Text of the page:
THE federal government has imposed fixed sales tax per litre on all petroleum products with effect from February 1, 2016, violating the statutory requirement of charging sales tax on percentage basis under section 3 of the Sales Tax Act, 1990.
The fixed sales tax levied through a Statutory Regulatory Order even otherwise offends Article 77 of the constitution of Pakistan. According to SRO 57(I)/2016 dated January 30, 2016, the sales tax on motor spirit, excluding HOBC, is fixed at Rs14.48 per litre, on HOBC Rs18.57 per litre, on high speed diesel at Rs29.57 per litre, on light diesel Rs9.63 per litre and on kerosene at Rs10.40 per litre. SRO 57(I)/2016 is issued under section 3(2)(b) of the Sales Tax Act, 1990 which does not mandate fixed sales tax.
By imposing a fixed sales tax on petroleum products, the government has denied the citizens the actual benefit of the international reduction of POL prices. The aim behind this unlawful taxation is to extort maximum tax from the consumers. The reduction of prices by just Rs5 of all petroleum products is totally unjustified. Collection of a fixed amount of Rs29.57 on high speed diesel oil will fetch higher taxes as this is the largest selling product.
The exorbitant taxation of petroleum products through SRO 57(I)/2016, without the approval of parliament and in utter disregard of the judgement of the Supreme Court in Engineer Iqbal Zafar Jhagra and Senator Rukhsana Zuberi v Federation of Pakistan and Others (2013) 108 TAX 1 (S.C. Pak), is highly lamentable. In this judgement, the apex court held:
"It is [a] well settled proposition that levy of tax for the purpose of the federation is not permissible except by or under the authority of Act of Majlis-e-Shoora (parliament). Reference in this behalf may be made to the case of Cyanamid Pakistan Ltd v Collector of Customs (PLD 2005 SC 495), wherein it has also been held that such legislative powers cannot be delegated to the Executive Authorities. Also see Government of Pakistan v Muhammad Ashraf (PLD 1993SC 176) and All Pakistan Textile Mills Associations v Province of Sindh (2004 YLR 192)." [Page 18, Para 20]
Section 3(2)(b) of the Sales Tax Act, 1990 says: "the federal government may, subject to such conditions and restrictions it may impose... declare that in respect of any taxable goods, the tax shall be charged, collected and paid in such manner and at such higher or lower rate or rates as may be specified in the notification."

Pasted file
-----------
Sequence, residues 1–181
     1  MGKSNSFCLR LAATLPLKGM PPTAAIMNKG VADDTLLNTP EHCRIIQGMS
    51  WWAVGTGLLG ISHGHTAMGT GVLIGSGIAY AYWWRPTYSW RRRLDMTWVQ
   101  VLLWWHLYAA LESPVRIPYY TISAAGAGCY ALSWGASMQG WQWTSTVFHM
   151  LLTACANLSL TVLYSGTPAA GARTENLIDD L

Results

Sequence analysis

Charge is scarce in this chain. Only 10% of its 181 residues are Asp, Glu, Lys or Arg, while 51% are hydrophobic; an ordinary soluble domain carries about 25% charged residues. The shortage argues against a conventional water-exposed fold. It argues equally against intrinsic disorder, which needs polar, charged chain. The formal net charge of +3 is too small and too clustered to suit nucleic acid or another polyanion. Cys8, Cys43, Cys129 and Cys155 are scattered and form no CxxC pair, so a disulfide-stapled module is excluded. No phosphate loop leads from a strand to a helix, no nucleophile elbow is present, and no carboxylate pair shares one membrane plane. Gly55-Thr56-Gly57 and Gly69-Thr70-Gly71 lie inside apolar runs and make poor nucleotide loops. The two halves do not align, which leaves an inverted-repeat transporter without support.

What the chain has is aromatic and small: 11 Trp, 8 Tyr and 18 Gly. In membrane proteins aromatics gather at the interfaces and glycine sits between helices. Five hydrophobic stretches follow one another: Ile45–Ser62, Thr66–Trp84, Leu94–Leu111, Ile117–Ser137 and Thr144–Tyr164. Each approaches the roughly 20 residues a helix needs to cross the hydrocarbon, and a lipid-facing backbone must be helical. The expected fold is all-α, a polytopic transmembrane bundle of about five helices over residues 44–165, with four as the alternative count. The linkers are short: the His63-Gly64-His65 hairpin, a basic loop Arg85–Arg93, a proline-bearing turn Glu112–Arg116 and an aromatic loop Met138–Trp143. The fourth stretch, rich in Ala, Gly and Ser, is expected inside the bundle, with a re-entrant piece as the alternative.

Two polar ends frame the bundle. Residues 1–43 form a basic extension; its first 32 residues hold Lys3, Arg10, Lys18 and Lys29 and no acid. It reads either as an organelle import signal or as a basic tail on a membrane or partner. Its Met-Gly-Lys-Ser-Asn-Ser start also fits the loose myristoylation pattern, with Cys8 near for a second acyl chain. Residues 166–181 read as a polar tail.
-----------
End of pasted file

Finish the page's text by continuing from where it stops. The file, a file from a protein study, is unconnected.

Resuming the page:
Section 3(2)(b) of the Sales Tax Act, 1990 only authorises the federal government to vary tax rates in case of taxable goods and not to impose fixed amount of sales tax as has been done through SRO 57(I)/2016. Imposition of fixed sales tax is thus void ab initio even under delegated powers, notwithstanding the fact that such powers violate Article 77 of the constitution. SRO 57(I)/2016 also exposed the tall claims made by the finance minister in a press conference on May 11, 2015, that "through [the] Finance (Amendment) Ordinance, 2015, power of [the] FBR to issue SROs has been withdrawn". He said that such powers were transferred to the Economic Co-ordination Committee of Cabinet in "exceptional circumstances". If this was the case, why had approval not been sought from the EEC? In fact, section 3(2)(b) of the Sales Tax Act, 1990 does not require approval of the EEC.
The levy of fixed sales tax under section 3(2)(b) of the Sales Tax Act, 1990, as discussed above, is patently unlawful. In the wake of the Supreme Court pronouncement in Engineer Iqbal Zafar Jhagra and Senator Rukhsana Zuberi v Federation of Pakistan and Others (2013) 108 TAX 1 (SC Pak), imposition of taxes, or varying tax rates or granting exemptions and concessions through SROs, amount to contempt of court. The perpetual violation is evident on the website of the Federal Board of Revenue (FBR) but no action has been taken by the Supreme Court so far. The National Assembly or Senate have also not debated this crucial issue from the constitutional perspective.
On the one hand, the FBR has been extending numerous reductions in duties and tax concessions to cartels through SROs. On the other, the government imposes exorbitant taxes on petroleum products - in the process hurting the economy and low-income groups. By imposing higher sales tax and other indirect levies, the government is not passing on the benefit of the global reduction in petroleum prices. This retards economic growth and makes our exports uncompetitive in the international markets.
Pakistan is a unique country where the executive authority can conveniently undo tax laws passed by parliament through executive orders (SROs); this is violation of Articles 77 & 162 of the constitution.